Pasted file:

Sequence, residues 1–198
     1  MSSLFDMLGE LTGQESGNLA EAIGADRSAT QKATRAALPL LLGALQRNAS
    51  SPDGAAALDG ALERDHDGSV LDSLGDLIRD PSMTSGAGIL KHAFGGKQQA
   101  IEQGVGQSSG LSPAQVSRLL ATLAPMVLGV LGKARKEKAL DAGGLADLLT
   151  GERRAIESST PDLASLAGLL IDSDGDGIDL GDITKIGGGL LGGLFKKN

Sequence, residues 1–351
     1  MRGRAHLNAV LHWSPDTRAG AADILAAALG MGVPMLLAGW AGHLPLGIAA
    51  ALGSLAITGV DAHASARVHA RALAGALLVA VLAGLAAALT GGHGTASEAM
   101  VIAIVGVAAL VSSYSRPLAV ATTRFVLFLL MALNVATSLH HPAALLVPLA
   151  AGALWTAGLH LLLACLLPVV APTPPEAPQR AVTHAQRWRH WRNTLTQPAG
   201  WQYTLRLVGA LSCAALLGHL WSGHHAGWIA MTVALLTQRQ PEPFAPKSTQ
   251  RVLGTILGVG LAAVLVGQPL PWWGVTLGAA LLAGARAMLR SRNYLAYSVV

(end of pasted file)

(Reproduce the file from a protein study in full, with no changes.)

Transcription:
Sequence, residues 1–198
     1  MSSLFDMLGE LTGQESGNLA EAIGADRSAT QKATRAALPL LLGALQRNAS
    51  SPDGAAALDG ALERDHDGSV LDSLGDLIRD PSMTSGAGIL KHAFGGKQQA
   101  IEQGVGQSSG LSPAQVSRLL ATLAPMVLGV LGKARKEKAL DAGGLADLLT
   151  GERRAIESST PDLASLAGLL IDSDGDGIDL GDITKIGGGL LGGLFKKN

Sequence, residues 1–351
     1  MRGRAHLNAV LHWSPDTRAG AADILAAALG MGVPMLLAGW AGHLPLGIAA
    51  ALGSLAITGV DAHASARVHA RALAGALLVA VLAGLAAALT GGHGTASEAM
   101  VIAIVGVAAL VSSYSRPLAV ATTRFVLFLL MALNVATSLH HPAALLVPLA
   151  AGALWTAGLH LLLACLLPVV APTPPEAPQR AVTHAQRWRH WRNTLTQPAG
   201  WQYTLRLVGA LSCAALLGHL WSGHHAGWIA MTVALLTQRQ PEPFAPKSTQ
   251  RVLGTILGVG LAAVLVGQPL PWWGVTLGAA LLAGARAMLR SRNYLAYSVV